Shakespeare Garden: English Plants and Poetry
An enclosed cottage garden filled with edible, medicinal, and ornamental plants mentioned in the bard’s sonnets and plays, the Shakespeare Garden is a charming place to explore.
- The rosebush representing Sonnet 130 ("My mistress’ eyes are nothing like the sun”), Shakespeare’s witty and touching ode to imperfection.
- The romantic roofed bench tucked beneath the red oak on the northern edge of the garden.
- Forget-me-nots, peonies, lilies, tulips, and dozens of other flowers along with edible plants like kale, lettuce, and herbs.
Cranford Rose Garden: Fragrant roses, lovely wildflowers, and classic sculptures
Maybe it’s a cliché, but there really is nothing more romantic than a rose garden. Glorious during the summer, the Cranford Rose Garden is also lovely in spring and fall. More than 1,000 types of modern and historic roses grow in beds and on arched pergolas, fences, and a pavilion of classic white latticework.
- Heritage roses along the western border of the garden. These older roses were developed before 1867 and the invention of modern hybridization methods, when roses were valued more for scent than appearance. They are among the most fragrant flowers to be found at BBG.
- Lilies, clematis, wildflowers, herbs, and other perennials intermixed with the roses. Including a variety of plants within such a large rose collection promotes a more healthy, pollinator-friendly, and pest-resistant ecosystem.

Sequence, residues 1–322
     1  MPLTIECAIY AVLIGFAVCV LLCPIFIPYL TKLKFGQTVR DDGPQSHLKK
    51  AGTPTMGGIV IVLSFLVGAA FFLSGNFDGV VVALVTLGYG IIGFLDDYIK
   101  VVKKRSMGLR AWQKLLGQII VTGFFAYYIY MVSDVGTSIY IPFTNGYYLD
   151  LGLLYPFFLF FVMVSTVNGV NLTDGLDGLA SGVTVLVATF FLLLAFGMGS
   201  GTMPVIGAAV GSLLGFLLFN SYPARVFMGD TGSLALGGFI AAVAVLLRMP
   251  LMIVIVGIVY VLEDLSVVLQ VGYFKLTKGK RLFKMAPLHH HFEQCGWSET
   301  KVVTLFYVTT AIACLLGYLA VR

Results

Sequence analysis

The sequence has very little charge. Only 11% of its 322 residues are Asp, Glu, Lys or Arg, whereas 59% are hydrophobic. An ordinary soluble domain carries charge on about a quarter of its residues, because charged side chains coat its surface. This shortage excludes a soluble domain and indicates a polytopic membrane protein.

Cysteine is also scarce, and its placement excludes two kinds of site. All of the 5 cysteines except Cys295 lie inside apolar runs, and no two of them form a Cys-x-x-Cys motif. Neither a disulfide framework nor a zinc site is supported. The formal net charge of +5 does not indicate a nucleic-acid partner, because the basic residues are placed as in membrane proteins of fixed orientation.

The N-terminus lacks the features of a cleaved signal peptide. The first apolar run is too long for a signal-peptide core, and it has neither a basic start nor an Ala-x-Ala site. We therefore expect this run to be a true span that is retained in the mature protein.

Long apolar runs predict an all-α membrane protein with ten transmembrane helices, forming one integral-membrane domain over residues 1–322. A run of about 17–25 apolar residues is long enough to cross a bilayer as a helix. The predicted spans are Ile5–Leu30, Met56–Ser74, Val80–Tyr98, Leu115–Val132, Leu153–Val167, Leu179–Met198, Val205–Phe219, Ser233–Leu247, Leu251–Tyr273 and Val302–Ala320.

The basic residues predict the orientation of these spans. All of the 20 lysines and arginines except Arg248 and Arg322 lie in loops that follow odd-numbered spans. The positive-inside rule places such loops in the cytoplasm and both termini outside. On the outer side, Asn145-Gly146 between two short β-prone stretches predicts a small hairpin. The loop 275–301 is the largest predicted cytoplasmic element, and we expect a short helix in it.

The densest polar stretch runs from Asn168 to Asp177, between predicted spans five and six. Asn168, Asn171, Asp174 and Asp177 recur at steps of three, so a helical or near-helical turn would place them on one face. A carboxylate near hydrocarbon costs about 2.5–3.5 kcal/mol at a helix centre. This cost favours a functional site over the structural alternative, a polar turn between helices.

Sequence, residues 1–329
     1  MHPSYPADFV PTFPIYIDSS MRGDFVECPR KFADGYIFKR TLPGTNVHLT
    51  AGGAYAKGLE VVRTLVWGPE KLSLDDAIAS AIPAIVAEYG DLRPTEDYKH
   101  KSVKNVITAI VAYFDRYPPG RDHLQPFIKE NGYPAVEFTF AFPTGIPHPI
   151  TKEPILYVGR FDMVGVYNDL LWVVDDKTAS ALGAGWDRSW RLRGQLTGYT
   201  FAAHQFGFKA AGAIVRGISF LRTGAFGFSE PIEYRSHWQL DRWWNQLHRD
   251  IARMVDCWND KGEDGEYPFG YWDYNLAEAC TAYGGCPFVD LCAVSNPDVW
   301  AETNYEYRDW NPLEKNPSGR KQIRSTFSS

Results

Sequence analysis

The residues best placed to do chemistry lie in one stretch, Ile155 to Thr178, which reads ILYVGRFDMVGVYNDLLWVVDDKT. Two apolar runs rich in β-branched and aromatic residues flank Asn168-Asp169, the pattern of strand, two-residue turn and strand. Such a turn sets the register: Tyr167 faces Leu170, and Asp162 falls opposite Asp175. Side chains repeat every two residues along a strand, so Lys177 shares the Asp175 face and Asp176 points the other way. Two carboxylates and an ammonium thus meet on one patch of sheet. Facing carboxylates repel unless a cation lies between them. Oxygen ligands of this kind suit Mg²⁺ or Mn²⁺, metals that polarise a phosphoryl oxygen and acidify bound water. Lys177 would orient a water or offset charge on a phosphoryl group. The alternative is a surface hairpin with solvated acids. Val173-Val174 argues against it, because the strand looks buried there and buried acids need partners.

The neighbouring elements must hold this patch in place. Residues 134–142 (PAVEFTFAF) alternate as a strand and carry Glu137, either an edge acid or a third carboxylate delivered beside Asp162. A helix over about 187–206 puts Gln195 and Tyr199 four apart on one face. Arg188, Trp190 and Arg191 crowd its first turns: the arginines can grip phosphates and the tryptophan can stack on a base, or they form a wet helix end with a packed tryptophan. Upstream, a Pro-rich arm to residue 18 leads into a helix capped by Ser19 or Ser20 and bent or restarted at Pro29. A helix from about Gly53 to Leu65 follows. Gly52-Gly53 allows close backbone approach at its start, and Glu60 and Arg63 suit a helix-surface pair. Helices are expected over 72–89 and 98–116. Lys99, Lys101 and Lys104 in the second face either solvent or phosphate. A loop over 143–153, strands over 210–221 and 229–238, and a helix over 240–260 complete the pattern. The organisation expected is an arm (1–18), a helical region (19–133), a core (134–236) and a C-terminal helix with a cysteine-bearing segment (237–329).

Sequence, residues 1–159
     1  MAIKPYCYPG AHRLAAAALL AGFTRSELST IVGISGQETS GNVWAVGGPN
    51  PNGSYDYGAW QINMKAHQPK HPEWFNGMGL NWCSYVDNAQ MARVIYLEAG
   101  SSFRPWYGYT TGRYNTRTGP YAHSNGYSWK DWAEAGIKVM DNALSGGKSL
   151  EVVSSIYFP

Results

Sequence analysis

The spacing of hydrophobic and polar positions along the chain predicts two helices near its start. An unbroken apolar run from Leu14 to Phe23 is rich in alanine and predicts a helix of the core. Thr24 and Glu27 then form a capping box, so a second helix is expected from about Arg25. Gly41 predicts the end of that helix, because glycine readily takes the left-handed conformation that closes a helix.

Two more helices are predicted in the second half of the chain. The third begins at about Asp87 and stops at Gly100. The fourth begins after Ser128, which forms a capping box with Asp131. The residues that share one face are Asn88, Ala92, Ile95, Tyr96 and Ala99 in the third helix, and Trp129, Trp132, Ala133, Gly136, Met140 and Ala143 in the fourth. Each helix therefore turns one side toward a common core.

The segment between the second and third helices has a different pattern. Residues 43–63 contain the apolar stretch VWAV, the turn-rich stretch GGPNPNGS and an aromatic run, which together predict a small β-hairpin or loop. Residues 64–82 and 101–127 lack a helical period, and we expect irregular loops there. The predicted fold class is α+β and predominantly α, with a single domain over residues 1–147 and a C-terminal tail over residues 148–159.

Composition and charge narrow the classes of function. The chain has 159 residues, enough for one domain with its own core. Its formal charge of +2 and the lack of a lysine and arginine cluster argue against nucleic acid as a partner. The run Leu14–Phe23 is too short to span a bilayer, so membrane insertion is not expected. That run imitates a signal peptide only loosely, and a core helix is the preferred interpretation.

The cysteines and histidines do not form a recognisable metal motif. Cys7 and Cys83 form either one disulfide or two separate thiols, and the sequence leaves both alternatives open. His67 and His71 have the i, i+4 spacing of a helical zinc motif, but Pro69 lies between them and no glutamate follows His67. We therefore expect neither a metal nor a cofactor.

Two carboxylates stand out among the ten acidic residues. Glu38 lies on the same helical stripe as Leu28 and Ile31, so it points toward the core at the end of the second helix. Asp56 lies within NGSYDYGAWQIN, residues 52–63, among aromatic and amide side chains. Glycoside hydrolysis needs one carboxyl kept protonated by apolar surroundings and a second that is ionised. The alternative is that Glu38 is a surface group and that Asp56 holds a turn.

- The Roses of Yesterday statue at the south end of the garden. The 1928 bronze figure depicts a young woman holding a butterfly sundial, engraved with “endless love” in Latin. Sculptor Harriet Whitney Frishmuth also created the Call of the Sea figure in the Rose Arc fountain.
Peak blooming usually begins in early June and stretches until August, but a second flush usually occurs in September, with flowers lasting through the fall. Warm springs often bring blooms in May or even April.
Cherry Walk: A Charming Place for a Stroll
In the spring, the blossom-laden boughs of Prunus 'Kanzan' cherry trees form a gorgeous pink arc under which festive crowds of admirers pass. For the rest of the year, it's a quiet and shady lane perfect for a leisurely walk. The path winds past a stream, bridge, and small waterfall on the periphery of the Japanese Hill-and-Pond Garden.
- The tree peony collection at the north end of the walk, in bloom in late spring.
- The katsura tree along the eastern edge of the path. In the fall, its golden leaves smell like maple syrup.
- Hawks and other birds splashing around in the stream.
If you continue walking south beyond the path, you'll come to Bluebell Wood, a small woodland garden filled with brilliant-hued Spanish bluebells in May and pretty pink begonias later in the season.
Cherry Esplanade's expansive lawn, where you can relax on the grass in the sun or the shade.
The Rock Garden's intimate paths, which wander among gorgeous evergreens, spring bulbs, and alpine flowers and succulents.
The Native Flora Garden, where you can walk on trails beneath century-old trees and look for rare wildflowers native to the forests, seashores, and plains of what is now the New York City metropolitan area.